Table 6. Severity of clinical symptoms before and after surgery.

Table 7. Results assessed by JOA score.

Table 8. Reported complications.

For this reason, its accurate management is of great importance. In the modern LDH surgery, various techniques have been identified and applied since the Love’s operation was identified [11].

There is a number of case series describing outcomes after either preoperative discectomy or postoperative discectomy combined with fusion [12].

In the present study, we done revision discectomy with fusion this technique resulted in satisfactory results.

Lehmann and LaRocca treated 36 patients following previous lumbar surgery by using spinal canal exploration and spinal fusion. Solid fusion correlated closely with satisfactory outcomes, and the patients in the fusion group tended to have better outcomes than those with disc excision alone [13] in the present study which conducted on 40 patients with first time recurrent lumbar disc herniation after exclusion of those with cauda equine syndromes, and patients with spondylolisthesis. After a mean follow-up of 18 months, the mean postoperative recovery rate was 85% and the satisfactory rate was 90%.

In the present study, the surgical outcome assessed according to JOA score, was excellent in 30 patients (75%) good in 6 patients (15%) fair in 2 patients (5%) and poor in 2 patients (5%). Tsai-Sheng et al. [10] reported in their study that, general clinical outcome, based on the JOA score, was excellent in 20 (48.8%) patients, good in 13 (31.7%), fair in 4 (9.8%), and poor in 4 (9.8%). clinical outcome was satisfactory (excellent or good) in 78.3% of patients whom received discectomy in 83.3% [10].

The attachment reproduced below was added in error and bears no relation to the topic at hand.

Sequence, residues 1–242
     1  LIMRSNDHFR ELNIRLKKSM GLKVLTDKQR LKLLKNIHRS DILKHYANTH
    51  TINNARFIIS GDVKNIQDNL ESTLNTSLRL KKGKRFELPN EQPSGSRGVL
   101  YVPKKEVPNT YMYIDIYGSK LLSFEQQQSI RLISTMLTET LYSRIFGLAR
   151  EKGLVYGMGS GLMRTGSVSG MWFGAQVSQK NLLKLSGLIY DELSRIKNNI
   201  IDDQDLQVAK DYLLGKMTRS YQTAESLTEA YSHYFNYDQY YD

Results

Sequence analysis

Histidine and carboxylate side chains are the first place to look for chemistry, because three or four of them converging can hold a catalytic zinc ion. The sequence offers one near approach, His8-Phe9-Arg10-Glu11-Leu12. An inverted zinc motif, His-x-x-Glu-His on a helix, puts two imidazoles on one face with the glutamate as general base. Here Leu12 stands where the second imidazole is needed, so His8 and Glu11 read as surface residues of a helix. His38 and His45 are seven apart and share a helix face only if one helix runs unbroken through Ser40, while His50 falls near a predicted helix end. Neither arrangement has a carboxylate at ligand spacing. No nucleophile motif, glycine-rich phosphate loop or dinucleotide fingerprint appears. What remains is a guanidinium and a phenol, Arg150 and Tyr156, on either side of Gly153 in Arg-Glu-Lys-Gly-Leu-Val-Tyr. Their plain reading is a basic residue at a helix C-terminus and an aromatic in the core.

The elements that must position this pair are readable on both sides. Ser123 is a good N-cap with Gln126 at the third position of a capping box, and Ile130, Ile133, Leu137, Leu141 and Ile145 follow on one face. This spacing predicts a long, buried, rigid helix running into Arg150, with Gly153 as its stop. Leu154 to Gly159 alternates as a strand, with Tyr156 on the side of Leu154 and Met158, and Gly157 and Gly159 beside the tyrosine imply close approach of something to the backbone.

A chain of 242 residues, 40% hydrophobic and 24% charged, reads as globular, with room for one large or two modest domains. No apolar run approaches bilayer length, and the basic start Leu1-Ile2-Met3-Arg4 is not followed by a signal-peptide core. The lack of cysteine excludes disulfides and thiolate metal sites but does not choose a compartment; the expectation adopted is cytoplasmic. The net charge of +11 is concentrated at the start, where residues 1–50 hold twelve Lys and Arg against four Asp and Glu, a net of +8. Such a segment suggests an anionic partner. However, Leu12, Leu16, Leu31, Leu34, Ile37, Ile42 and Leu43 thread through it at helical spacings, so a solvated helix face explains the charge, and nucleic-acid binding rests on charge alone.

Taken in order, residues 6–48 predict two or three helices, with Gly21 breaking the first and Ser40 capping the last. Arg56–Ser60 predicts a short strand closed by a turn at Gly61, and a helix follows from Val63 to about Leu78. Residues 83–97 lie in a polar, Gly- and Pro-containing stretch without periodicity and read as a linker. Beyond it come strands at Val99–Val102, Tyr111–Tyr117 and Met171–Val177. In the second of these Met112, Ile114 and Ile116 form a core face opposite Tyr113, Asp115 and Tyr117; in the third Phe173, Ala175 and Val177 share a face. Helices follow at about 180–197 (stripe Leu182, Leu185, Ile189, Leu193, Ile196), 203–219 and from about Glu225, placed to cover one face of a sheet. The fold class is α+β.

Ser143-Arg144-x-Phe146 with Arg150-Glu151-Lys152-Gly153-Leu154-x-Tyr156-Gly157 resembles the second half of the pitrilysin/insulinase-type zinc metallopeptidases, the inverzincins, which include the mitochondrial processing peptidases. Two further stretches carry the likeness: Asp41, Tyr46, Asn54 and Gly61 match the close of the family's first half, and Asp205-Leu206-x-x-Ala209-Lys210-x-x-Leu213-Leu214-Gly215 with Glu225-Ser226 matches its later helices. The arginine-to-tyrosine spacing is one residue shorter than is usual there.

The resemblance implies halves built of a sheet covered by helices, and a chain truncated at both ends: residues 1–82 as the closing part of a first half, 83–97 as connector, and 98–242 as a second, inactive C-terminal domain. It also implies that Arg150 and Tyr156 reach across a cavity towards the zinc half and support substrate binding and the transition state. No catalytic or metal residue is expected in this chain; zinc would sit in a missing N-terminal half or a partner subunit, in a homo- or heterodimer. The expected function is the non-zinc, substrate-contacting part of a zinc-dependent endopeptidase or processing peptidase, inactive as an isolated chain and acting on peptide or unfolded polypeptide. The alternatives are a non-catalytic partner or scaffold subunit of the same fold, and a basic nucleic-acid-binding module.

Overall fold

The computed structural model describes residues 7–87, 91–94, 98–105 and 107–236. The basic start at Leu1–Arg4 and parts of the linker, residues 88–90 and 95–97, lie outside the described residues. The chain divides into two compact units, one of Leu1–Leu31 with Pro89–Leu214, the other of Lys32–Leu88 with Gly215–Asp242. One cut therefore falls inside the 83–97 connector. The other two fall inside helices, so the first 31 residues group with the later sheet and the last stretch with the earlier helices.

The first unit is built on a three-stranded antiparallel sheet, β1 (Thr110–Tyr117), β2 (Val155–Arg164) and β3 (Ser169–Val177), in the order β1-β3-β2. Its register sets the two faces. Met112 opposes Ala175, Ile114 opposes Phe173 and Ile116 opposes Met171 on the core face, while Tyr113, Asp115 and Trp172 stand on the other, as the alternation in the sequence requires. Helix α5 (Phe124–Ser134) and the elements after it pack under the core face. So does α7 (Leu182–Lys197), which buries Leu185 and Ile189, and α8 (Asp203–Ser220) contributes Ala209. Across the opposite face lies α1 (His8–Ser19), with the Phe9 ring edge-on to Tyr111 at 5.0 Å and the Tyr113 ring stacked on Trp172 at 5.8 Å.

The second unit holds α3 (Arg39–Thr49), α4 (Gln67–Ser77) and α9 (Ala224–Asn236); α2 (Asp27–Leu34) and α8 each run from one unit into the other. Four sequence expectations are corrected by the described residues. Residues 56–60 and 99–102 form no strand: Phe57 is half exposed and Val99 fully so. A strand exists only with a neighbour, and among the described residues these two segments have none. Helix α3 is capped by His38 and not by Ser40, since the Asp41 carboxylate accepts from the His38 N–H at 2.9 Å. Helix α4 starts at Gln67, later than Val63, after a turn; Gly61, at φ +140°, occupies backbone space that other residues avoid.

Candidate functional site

As regards the complications in the present study was found that 5 patients (12.5%) had dural tear and 1 (2.5%) patients had superficial infection. Tsai-Sheng et al., stated in their series that, there were five patients (3 in the non-fusion group and 2 in the fusion group) had a dural tear and one patient in the fusion group had a superficial infection [10].

Tsai-Sheng et al. [10] stated that, the optimal surgical approach (simple discectomy with or without fusion of the affected segment) for recurrent disc herniation remains a subject of controversy [10], but in the present study it was found that revision discectomy with fusion has several advantages in the surgical outcomes, specifically, lumbar fusion which minimizes segmental motion, immobilizes the spine decrease mechanical stresses across the degenerated disc space, and may reduce reherniated disc at the same level.

7. Conclusion

Fusion in re-herniated lumbar disc remains a controversial decision. But the surgical outcome is more satisfactory when revision discectomy is done with fusion rather than by using discectomy alone and this confirmed in our study revision discectomy with fusion in reherniated lumbar disc is a worthy choice according to our study.

Conflicts of Interest

The authors declare no conflicts of interest regarding the publication of this paper.